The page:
This story is one in a series about the history of the Rand Estate, about 35 acres of land lying behind the stone wall on John and Charlotte streets, along the Heritage Trail and whose eastern boundary is a hedge between the properties at 176 and 210 John St.
Special to The Lake Report
No other estate in Niagara-on-the-Lake has been owned by so many famous personages as that of Randwood on John Street.
The land upon which today’s Rand Estate sits was originally part of a 160-acre tract granted to Peter Russell in 1796. Russell was receiver general and a member of the executive council of Upper Canada.
He and his half-sister Elizabeth built a comfortable house on a small farm located in the middle of today’s Commons. That house is believed to be the foundation of the hospital attached to Fort George, which one can see on the Commons today.
Russell, forced to move to York when Simcoe decided it would take the place of Niagara as the capital of Upper Canada, sold his Crown grant in August 1798 to William Dickson.
Dickson, from Dumfries, Scotland had been recruited by his cousin Robert Hamilton, the founder of Queenston, to join him in his business ventures in Canada. Dickson’s first house, at King and Prideaux streets., was the first one in the province to be made of brick. Dickson, who became one of Upper Canada’s first lawyers, married Charlotte Adlam, who had come to Niagara as governess to another member of the executive council, William Jarvis.
In 1811, on the part of Russell’s Crown grant which is now John Street, Dickson then built a large house with a library holding 1,000 books. In May of 1813, the invading Americans took him prisoner and along with a number of other prominent Niagarans, he was sent to East Greenbush, N.Y., near Albany.
On Dec. 10, 1813, when the town of Niagara was burned by the retreating Americans, Dickson’s house is said to have been the first one torched. It was burned, not by the regular American army soldiers, but by the Canadian Volunteers, under the command of Joseph Willcocks.
Willcocks was a distant relative of Peter Russell and had stayed with Russell and his sister (to whom he made “amorous advances”) when he first moved to Niagara from Ireland.
The targeted burning was because Dickson had fought a duel and killed a friend of Willcocks’ in New York state in 1806; duelling was illegal in Upper Canada then. The duel occurred near Fort Niagara at 7 a.m.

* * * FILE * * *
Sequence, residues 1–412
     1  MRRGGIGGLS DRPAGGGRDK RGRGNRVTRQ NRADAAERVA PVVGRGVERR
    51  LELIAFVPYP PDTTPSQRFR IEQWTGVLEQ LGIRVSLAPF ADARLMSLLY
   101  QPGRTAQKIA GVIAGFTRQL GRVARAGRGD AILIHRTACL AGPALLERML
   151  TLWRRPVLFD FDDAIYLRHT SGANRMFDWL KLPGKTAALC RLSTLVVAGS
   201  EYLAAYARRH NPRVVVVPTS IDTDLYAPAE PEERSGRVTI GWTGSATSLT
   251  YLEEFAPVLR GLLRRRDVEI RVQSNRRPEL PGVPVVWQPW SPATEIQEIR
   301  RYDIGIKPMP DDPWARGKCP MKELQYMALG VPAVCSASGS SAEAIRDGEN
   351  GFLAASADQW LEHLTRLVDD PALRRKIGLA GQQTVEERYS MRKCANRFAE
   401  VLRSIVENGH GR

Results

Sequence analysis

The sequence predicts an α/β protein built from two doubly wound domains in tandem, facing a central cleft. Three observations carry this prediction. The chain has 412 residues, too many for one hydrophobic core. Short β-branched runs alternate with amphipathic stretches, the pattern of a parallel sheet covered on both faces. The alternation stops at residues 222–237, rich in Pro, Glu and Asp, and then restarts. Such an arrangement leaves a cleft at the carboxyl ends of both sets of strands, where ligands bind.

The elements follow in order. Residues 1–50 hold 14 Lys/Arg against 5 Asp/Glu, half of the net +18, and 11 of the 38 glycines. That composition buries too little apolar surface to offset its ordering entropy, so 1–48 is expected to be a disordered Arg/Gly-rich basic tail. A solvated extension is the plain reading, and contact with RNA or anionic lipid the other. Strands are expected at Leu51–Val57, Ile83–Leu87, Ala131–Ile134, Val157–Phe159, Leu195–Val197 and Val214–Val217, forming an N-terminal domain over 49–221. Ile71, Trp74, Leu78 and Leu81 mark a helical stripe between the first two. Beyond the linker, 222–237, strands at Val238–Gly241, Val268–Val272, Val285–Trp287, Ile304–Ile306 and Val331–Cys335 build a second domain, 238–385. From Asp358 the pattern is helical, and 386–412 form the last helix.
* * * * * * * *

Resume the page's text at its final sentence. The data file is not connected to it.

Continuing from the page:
The two men counted off 10 paces, turned and fired almost simultaneously. His opponent, a Mr. Weekes, missed but Dickson’s ball went through Weekes’s body and he died the next day.
Dickson’s wife Charlotte was ill at the time the town was burned and was carried outside in her bed where she watched the house burn down on a bitterly cold December night. Charlotte Street is named after her.
Following the War of 1812, Dickson gave a portion of his land to the town to build a courthouse on what is now Rye Street, sold off other sections, and then divided the remainder between his two oldest sons, giving each about 500 feet of frontage on John Street.
William Dickson then moved to Galt (now Cambridge) and developed his land holdings there. He returned to Niagara in 1836 to live out the “remnant” of his life.
Of interest is the fact that Langdon Hall, the Relais & Chateaux property in Cambridge, Ont., was built by William Dickson’s great-granddaughter and the great-grandson of John Jacob Astor.
The eastern portion of Dickson’s John Street property went to son William who in turn sold it to Capt. Robert Melville, president of the Niagara Harbor and Dock Company. Melville built Brunswick Place, which stands today at 210 John St. Son Robert Dickson built the present brick house at 176 John St. in 1822 on the foundation of his father’s house; he named it Woodlawn.
In 1873, William Dickson’s youngest son Walter sold Woodlawn for $18,000 to American Civil War Gen. Henry Lansing; he was at that time, the secretary-treasurer of the Buffalo and Erie Railroad. Lansing added the third floor, the mansard roof, and an enclosed tower which the Rands later opened up.
While Lansing visited Niagara only in the summer, his sons Livingston and Watts, settled permanently in town and both were buried at St. Mark’s.
Watts Lansing built three houses in town, two of which are still standing: one opposite the Charles Inn on Queen Street is currently owned by developer Rainer Hummel. The other, opposite the golf course at 284 Queen St., was lived in by his daughter Sara who died in 1974 at age 87.
In 1910, the Lansings sold their property on John Street to George Rand, who was a self-made millionaire and the chair of Marine Trust Co. of Buffalo.
* Elizabeth (Betsy) Masson has been a research volunteer at the Niagara-on-the-lake Museum for more than 15 years.